Gun instructor arrested after teaching four-hour class [Archive] - Glock Talk

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TBO
03-08-2012, 04:08
http://lexington.wistv.com/news/crime/51671-sled-gun-instructor-arrested-after-teaching-four-hour-class

Brucev
03-08-2012, 06:03
The class and its requirements are without any basis in the COTUS. There is no reason supportable in the Constitution for any government to be allowed to restrict by such regulation a citizen's exercise of their 2nd Amendment rights. It matters not if the "class" is 4 minutes long or 4 hours or four weeks. Picture the exact same restriction by regulation of a citizen's 1st Amendment rights to free speech by requiring attendance at a govt. mandated training class, etc.

Misty02
03-08-2012, 06:29
The class and its requirements are without any basis in the COTUS. There is no reason supportable in the Constitution for any government to be allowed to restrict by such regulation a citizen's exercise of their 2nd Amendment rights. It matters not if the "class" is 4 minutes long or 4 hours or four weeks. Picture the exact same restriction by regulation of a citizen's 1st Amendment rights to free speech by requiring attendance at a govt. mandated training class, etc.

While I donít disagree with you, as a student, I would expect to receive what I paid for. If I pad for the required class to get my license and that class is required to be 8 hours, giving me anything less than that (in my eyes) it would be fraud and theft.

As a student, Iíve attended training classes that have been longer than advertised. I truly appreciate the instructorís dedication to answer all our questions and go beyond what I actually paid for, that is neither required nor expected, they have just been willing to freely give more of their time. That would yield a very sincere ďthank you!Ē. However, give me less than 5 minutes of what I paid for or donít cover what was in the course outline properly and weíll have issues.

.

eracer
03-08-2012, 06:35
The class and its requirements are without any basis in the COTUS. There is no reason supportable in the Constitution for any government to be allowed to restrict by such regulation a citizen's exercise of their 2nd Amendment rights. It matters not if the "class" is 4 minutes long or 4 hours or four weeks. Picture the exact same restriction by regulation of a citizen's 1st Amendment rights to free speech by requiring attendance at a govt. mandated training class, etc.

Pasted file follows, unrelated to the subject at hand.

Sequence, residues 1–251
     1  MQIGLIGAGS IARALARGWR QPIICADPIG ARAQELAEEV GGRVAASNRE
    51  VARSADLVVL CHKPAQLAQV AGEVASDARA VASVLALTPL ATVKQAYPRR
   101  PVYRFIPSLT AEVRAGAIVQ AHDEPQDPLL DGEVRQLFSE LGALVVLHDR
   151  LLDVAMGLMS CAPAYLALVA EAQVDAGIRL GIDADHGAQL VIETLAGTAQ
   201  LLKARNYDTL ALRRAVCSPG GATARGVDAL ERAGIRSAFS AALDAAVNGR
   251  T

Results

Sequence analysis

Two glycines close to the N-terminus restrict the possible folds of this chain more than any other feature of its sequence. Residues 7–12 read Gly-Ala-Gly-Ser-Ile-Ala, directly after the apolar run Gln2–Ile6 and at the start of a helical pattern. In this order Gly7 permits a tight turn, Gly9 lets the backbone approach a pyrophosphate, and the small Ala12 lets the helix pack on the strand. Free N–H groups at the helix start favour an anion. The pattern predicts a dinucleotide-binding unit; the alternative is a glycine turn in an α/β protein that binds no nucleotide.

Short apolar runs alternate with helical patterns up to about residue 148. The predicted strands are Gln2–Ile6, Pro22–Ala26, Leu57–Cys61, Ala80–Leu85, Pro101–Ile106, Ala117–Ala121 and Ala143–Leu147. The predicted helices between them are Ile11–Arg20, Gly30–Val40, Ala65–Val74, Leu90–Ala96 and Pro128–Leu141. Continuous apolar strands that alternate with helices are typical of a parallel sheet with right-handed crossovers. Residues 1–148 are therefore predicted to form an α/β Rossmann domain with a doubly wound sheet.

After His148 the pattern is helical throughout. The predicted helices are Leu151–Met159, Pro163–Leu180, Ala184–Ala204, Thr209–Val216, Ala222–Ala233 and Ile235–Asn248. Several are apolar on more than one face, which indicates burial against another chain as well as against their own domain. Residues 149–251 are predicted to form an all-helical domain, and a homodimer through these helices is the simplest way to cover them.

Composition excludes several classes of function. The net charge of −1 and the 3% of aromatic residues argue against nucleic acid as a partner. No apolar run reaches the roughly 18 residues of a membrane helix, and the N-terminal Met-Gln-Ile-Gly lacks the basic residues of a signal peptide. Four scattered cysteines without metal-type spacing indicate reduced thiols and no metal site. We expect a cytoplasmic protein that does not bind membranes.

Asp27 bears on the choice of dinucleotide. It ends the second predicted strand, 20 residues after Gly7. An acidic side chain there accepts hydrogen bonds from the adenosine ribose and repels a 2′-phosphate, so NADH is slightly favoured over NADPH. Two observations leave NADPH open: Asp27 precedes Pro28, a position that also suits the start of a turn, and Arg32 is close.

There are lots of things that flow from the Constitution, but are not explicitly delineated within it.

There is a difference between speech and guns.

LoadToadBoss
03-08-2012, 06:50
From the article:

"Four hours is not enough time to even cut the surface with how to operate a firearm safely, where to store it safely, and how to operate the gun," Phillips said.

Really? You need 8 hours to teach these things?

RussP
03-08-2012, 08:00
Regardless of the Constitutionality of the law, it exists, the requirements within the law exist.

The instructor violated the law.

He was arrested.

He is charged with illegal instruction.

Now, if you want to use this as a springboard to challenge the law in court...

ithaca_deerslayer
03-08-2012, 12:55
Hmm, wonder if the law actually specifies exactly 8 hours, in some legally binding way that a defense lawyer can't challenge.

NYS permit courses are typically not allowed to be live fire (because the counties don't want them to be). 4 hours is long enough for a safety course.

If including live fire and the shooting instruction that goes with that, then 8 hours would be needed for sure (depending on size of class and number of instructors).

Was this guy supposed to be instructing live fire?

poodleplumber
03-08-2012, 15:48